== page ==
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Category Archives: Panopticon
“When inmates believe they are being watched, they conform to what they believe to be the norms of the prison and the expectations of their jailors. Surveillance is a mechanism by which powerful entities assert their power over less powerful individuals.” (74) This immediately reminds me of the panopticon, a completely surveilled prison design of […] Continue reading
Philosopher Jeremy Bentham introduced a design he called a panopticon (“all seeing”) to be used in prisons or institutions such that all inmates can be watched by a single guard. Although there aren’t any structures of this model in existence, the concept can be viewed as a symbol for modern government surveillance. Benjamin Walker argues […] Continue reading
In the 18th century, philosopher Jeremy Bentham designed the Panopticon, meant for prisoners to be monitored by an all seeing guard, who himself, could not be seen. Comparing this to surveillance now, particular regarding the internet, even thought the metaphor is kind of bad. It is not too far off of what could be happening. […] Continue reading
Philosopher Jeremy Bentham came up with the idea of the Panopticon: a prison where a guard is located in a tower. He can see all the prisoners, but the prisoners can not see him. In addition, the prisoners are not aware if they are being watched or not. As a result, prisoners act on their […] Continue reading
The principle problem of the Panopticon metaphor is rooted in Bentham’s original purpose for the structure: behavioral modification. As Walker puts it, Bentham believed that the mere act of being being watched constantly would alter a person’s behavior, adding a layer of accountability and therefore pushing the person in question towards a more moral or […] Continue reading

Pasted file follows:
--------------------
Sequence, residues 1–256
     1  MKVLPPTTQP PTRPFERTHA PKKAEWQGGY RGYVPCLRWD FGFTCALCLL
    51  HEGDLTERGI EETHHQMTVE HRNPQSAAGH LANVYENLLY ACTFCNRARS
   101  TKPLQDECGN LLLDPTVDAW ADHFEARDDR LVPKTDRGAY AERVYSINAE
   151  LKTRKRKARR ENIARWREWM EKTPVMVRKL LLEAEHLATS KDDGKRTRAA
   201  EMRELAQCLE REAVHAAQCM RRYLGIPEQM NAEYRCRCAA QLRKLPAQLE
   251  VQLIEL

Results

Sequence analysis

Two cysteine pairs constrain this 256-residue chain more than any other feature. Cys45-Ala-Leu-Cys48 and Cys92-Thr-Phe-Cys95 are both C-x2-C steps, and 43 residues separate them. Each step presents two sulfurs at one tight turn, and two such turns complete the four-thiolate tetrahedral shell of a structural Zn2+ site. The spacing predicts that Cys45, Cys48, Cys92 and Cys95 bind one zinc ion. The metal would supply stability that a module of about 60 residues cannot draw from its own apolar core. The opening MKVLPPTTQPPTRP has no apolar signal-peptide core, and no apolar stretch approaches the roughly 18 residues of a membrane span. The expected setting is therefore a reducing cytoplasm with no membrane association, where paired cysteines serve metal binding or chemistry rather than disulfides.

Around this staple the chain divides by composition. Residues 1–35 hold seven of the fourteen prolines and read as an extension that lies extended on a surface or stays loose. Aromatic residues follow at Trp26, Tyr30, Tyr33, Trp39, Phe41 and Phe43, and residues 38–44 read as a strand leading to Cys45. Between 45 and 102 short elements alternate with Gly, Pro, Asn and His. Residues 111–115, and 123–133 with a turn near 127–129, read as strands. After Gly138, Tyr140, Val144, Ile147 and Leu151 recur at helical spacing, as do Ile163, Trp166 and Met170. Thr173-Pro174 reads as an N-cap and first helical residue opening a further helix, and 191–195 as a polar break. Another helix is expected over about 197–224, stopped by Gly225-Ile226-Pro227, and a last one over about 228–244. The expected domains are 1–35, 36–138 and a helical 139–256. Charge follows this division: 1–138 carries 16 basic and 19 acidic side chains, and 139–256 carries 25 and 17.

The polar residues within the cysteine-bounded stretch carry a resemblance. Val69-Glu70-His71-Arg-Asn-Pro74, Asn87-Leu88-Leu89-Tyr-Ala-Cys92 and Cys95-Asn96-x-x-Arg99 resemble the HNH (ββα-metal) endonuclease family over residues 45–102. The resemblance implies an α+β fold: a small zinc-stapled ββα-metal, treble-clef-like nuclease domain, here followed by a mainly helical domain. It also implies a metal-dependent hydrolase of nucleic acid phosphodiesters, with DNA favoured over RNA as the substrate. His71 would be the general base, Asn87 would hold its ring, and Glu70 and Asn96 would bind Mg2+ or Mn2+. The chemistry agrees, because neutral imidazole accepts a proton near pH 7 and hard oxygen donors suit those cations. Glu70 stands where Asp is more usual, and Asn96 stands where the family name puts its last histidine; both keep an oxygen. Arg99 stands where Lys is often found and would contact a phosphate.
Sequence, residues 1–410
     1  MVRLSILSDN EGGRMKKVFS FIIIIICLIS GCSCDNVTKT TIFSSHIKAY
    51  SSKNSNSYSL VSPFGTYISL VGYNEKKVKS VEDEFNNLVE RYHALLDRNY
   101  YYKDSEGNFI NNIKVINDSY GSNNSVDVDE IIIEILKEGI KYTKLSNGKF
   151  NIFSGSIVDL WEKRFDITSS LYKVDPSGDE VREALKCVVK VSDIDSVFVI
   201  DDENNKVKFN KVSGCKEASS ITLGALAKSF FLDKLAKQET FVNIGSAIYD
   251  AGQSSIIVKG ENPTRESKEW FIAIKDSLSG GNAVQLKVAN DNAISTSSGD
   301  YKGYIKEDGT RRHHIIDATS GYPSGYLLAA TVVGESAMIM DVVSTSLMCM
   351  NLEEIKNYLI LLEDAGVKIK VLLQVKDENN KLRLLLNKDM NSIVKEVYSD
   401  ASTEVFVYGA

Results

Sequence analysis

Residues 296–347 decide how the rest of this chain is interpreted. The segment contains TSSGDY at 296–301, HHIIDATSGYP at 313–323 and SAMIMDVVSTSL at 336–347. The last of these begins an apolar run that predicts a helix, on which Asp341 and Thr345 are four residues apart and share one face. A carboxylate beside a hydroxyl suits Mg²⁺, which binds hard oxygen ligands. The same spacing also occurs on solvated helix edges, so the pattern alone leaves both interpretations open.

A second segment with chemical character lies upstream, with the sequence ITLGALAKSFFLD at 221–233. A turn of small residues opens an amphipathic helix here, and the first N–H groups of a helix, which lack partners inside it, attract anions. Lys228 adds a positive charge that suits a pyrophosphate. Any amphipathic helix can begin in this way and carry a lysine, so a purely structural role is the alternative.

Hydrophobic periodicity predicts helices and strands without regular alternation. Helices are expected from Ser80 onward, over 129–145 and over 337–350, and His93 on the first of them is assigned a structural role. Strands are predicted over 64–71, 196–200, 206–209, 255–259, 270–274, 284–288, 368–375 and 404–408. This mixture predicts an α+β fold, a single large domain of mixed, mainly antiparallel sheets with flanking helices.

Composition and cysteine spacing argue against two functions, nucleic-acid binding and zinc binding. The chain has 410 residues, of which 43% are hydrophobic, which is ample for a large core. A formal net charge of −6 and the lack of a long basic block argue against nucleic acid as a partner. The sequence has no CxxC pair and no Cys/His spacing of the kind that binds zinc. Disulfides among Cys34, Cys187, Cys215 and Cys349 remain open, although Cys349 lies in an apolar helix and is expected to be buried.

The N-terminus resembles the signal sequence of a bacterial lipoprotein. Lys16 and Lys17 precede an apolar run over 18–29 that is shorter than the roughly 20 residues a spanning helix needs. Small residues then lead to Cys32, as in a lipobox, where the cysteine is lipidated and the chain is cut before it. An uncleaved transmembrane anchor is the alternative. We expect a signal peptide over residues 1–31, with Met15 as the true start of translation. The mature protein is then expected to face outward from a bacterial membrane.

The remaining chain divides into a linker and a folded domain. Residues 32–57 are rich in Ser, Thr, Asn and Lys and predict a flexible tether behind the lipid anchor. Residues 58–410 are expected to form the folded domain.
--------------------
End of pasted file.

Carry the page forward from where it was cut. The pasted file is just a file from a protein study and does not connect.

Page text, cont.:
As explained in the podcast, the Panopticon is essentially the idea of a tower that looks over a prison. The tower is illuminated so that the guard in the tower can see the inmates, but the inmates cannot see the guard. Although this could used to exemplify today’s government surveillance, Walker disagrees, saying that it […] Continue reading
I would agree with Walker’s claim that the Panopticon is not an accurate metaphor for the average human’s interaction with surveillance today. While it could be argued that the government does watch over us and large corporations do silently collect our data, most people are not aware of this and thus it does not enact […] Continue reading
Jeremy Bentham’s great theory was the Panopticon: a hypothetical prison design in which all inmates could be seen and observed by those in charge, but the inmates themselves could not see the observers, nor could they see any other inmates. It’s an interesting concept to think about in theory, but it is not useful as […] Continue reading
The concept of the panopticon in a practical sense seems inefficient, as the whole idea of it builds of the power on the individuality of the worker. The idea that without collaboration, there is no workplace interference that would slow workers down. In principle, leading to increased productivity. However without workers collaborating on projects and […] Continue reading